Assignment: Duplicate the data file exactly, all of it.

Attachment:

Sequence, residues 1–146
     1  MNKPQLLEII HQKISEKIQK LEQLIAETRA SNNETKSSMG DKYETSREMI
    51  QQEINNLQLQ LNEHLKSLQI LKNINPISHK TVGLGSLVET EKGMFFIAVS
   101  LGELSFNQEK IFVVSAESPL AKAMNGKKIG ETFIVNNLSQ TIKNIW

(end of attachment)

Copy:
Sequence, residues 1–146
     1  MNKPQLLEII HQKISEKIQK LEQLIAETRA SNNETKSSMG DKYETSREMI
    51  QQEINNLQLQ LNEHLKSLQI LKNINPISHK TVGLGSLVET EKGMFFIAVS
   101  LGELSFNQEK IFVVSAESPL AKAMNGKKIG ETFIVNNLSQ TIKNIW